At a wedding ~5 or 6 years ago, I was seated next to a guy that was a full-time technician for the NY state police. He said his job included a lot of tasks, but one of those tasks was getting evidence from seized electronics, such as cameras, GPSs, thumb drives, memory cards, phones, computers, etc. for the detectives to examine, and later hand over to the prosecutors if the case went forward.

    I asked him whether he has encountered TrueCrypt lockers and computers locked with Apple FileVault2, and if so, how his office handles such things. I think I remember FileVault2 has just been released when we had this conversation, which is why I had thought to ask him.

    He did not get into specifics, but his briefly explained: They have some brute-force dictionary-based tools for unlocking the easy passwords. They generally don't bother spending any significant amount of time on unlocking this stuff, their goal is to get as much evidence as fast as reasonably possible, not to get all the evidence possible. So it sounded like most of the time, if he can't unlock it within a few minutes or half hour, he moves on to the next thing. If the crime is serious, or the suspect is a notorious wanted criminal, they will hand the stuff over to the FBI. He said in his time, that had only occurred once with him, and it was an "America's Most Wanted" level of criminal.
     
  13. rshrugged macrumors 6502a

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    #13
    Yes; if their site is to be believed. I've not yet found independent verification. At a little beyond mid-page under the heading "What's New", "macOS Sierra support" is listed.

    BTW, the same software is claimed to have the ability to decrypt VeraCrypt, etc...
     
  14. You are the One macrumors 6502a

    You are the One

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    #14
    Microsoft has proven it's a company that has no regards for users privacy. Read the EULA for W10 and Office365 and understand that they have access to anything you do using the products and services. An important part of their business model is exploiting your private information for their monetary gains. That's why W10 is "free", you trade your privacy for being allowed to use their product. Rest assured, you are the looser in that deal.

    The principle that cryptographic algorithms should be open-source is of course good and should be standard, but even if you have a robust and peer reviewed code the next question is the implementation of that code in applications and operating systems, a lot can and often go wrong there.

    Unfortunately, in the end it comes down to trust. Even Bruce Schneier alludes to that in the quoted piece from the Intercept.

    Can you trust MS, Google, Facebook, Instagram and the rest of the social media privacy harvesters? Absolutely definitely not.

    Can you trust Apple? Nope. But what makes Apple different from others is that a) their business model is independent of access to your private information and b) they have made it an long term business strategy to stay away from your private information.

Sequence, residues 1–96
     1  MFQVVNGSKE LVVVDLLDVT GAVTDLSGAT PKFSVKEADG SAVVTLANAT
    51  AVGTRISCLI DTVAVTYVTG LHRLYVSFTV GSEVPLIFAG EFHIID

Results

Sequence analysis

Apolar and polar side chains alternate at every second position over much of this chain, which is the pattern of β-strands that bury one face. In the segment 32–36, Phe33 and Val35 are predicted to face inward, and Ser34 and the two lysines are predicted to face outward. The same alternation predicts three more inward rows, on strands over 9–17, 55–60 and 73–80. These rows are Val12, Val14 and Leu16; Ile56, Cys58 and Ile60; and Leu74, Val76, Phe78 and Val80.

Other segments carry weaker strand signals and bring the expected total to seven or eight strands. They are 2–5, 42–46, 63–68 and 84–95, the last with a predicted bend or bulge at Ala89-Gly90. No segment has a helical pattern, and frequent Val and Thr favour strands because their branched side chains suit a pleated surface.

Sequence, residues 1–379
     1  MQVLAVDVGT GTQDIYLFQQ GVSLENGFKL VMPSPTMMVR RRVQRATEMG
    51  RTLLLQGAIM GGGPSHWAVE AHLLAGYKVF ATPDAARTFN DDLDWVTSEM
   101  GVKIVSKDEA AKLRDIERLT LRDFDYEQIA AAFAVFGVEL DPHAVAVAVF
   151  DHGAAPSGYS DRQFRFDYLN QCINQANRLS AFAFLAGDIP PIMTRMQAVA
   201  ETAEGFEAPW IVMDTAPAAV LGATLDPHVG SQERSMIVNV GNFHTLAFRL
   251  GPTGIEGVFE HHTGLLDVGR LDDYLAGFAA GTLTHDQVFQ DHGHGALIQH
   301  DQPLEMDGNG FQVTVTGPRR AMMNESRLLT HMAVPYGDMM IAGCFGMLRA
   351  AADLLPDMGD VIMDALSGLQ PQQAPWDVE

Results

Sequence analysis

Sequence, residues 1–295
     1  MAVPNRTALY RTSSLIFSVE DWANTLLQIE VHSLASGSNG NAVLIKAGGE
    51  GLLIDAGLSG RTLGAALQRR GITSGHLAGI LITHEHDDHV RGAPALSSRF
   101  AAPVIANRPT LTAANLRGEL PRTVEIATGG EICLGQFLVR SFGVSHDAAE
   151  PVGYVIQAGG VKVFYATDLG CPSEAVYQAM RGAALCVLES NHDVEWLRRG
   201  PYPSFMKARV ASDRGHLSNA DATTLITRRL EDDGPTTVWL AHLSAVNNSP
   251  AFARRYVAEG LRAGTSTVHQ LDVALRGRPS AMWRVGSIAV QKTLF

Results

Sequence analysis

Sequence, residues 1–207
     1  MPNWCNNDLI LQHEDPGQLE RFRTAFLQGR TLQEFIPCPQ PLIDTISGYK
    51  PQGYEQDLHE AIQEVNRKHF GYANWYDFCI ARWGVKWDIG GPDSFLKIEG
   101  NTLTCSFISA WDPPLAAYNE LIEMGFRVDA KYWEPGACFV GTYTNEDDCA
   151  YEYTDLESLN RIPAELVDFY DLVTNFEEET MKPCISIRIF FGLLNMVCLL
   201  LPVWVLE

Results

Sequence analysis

Still, the influence of the criminal racket occupying Washington is of the magnitude that it is hard to believe that there aren't agencies part of that mob that can access a FileVault protected disk.

    To conclude, it's hard or even impossible to say "how secure Filevault is", the weakest link in protecting your information is most likely you and the way you use your end-point device. If you have something you really want to protect, don't put it on a computer.

    If you want general protection and privacy and a relatively robust eco-system, go with Apple.

    This could have been a thread in a Mac Rumors subforum for security. :)
    --- Post Merged, Oct 15, 2016 ---
    If you are interested in security related to your Mac and OSX:

    Screen Shot 2016-10-15 at 17.24.30.png
     
  15. Chippel thread starter macrumors newbie

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    #15
    So imagine there would be a backdoor, where could it be implemented? I mean, do they have any programs to just bypass the password or how would it look like a so called "backdoor"?
     
  16. Floris macrumors 68020

    Floris

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    #16
    Open Source is just as useless as trusting the company.
    Unless you know programming and go through the source code. ... You don't know if anybody actually put anything malicious into the open source that slipped through the cracks and won't be known until you or someone else finds it.

    At this moment we are not aware that Apple has any backdoor in it. It doesn't seem to be their business, but they seem to have no problem to respect the law and when ordered ~ do as told to stay within the law. Until we have articles where backdoors in FV2 are disclosed, there doesn't seem to be any.

    I use it to encrypt all my drives, and I hope brute force won't get through it by having a high entropy etc.
     
  17. Phil A. Moderator

    Phil A.

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    #17
    My personal view of encryption on my devices is that I do it to protect my data in case they get stolen: What a government agency could do if they seized my devices under a valid warrant isn't particularly high on the list of things that worry me!

    On that basis, BitLocker or FileVault is fine for my needs
     
  18. KALLT macrumors 601

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    #18
    Microsoft doesn’t even offer BitLocker to Home editions. The alternative ‘device encryption’ requires a Trusted Platform Module and hardware support for the (Microsoft-owned) InstantGo specification.
     
  19. Phil A. Moderator

    Phil A.

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    #19
    I've never used home edition so wasn't aware of that
     
  20. KALLT macrumors 601

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    #20
    VeraCrypt has been audited now, they found quite a few vulnerabilities, some of which were fixed in version 1.19.
     
  21. Chippel thread starter macrumors newbie

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    #21
    Well, that is quite strange. I mean these kind of high vulnerabilities must be from TrueCrypt, right? Because it is the same source code like TrueCrypt. And they found quite a few high issue bugs.
     
  22. KALLT macrumors 601

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    #22
    Some vulnerabilities originate in TrueCrypt, but not all. The report distinguishes this. I just saw that the audit did not cover OS X or Linux, just Windows.
     
  23. You are the One macrumors 6502a

    You are the One

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    #23